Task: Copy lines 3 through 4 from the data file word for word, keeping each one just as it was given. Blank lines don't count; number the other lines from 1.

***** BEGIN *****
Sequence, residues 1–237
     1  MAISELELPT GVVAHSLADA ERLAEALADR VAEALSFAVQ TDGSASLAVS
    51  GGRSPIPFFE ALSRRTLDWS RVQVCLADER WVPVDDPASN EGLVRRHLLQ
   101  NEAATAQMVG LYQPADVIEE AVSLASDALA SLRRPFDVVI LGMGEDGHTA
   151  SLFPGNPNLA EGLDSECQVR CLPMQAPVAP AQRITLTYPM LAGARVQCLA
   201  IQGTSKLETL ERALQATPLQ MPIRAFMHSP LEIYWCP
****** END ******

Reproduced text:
    51  GGRSPIPFFE ALSRRTLDWS RVQVCLADER WVPVDDPASN EGLVRRHLLQ
   101  NEAATAQMVG LYQPADVIEE AVSLASDALA SLRRPFDVVI LGMGEDGHTA